According to Jones, Lund and Sullivan, who practice psychology in California, the protocols which Gardner prescribes for custody evaluations (48) enable evaluators to gain an in-depth picture early in the assessment process (52). These presenters use Gardner's diagnostic criteria for identifying PAS and believe it is important to educate the court about this diagnosis so that the court will deliver the appropriate legal intervention. However, they reserve the label PAS for severe cases, using "parental alienation" for lesser manifestations. Jones, Lund and Sullivan are conservative about recommending change of custody as an intervention but have occasionally done so in severe PAS cases. Sullivan classified alienating parents into "early and late starters." Early starters are those who begin generating the alienation dynamic early in the marriage. Late starters activate the alienation dynamic in response to a trigger event such as the separation and divorce process. Jones commented on the fact that severe parental alienation is a form of child abuse, especially when false allegations of abuse are involved.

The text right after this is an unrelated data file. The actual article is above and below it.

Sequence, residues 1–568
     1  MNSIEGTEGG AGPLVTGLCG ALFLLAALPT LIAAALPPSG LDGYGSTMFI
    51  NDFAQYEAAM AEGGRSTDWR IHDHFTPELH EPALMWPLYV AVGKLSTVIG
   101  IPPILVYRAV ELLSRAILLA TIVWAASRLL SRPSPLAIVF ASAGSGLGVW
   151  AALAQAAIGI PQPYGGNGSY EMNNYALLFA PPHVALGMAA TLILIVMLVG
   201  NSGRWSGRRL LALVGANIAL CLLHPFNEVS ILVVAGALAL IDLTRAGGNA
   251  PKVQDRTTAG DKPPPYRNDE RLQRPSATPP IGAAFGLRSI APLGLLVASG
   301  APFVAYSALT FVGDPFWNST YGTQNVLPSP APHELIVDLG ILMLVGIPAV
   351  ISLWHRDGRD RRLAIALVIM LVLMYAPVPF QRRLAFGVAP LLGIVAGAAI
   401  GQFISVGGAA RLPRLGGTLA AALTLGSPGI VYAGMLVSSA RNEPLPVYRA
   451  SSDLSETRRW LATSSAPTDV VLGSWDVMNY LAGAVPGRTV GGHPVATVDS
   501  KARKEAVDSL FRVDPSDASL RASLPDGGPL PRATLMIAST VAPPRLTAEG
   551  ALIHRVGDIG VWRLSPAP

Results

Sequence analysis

Forensic Assessment of Sex Abuse Allegations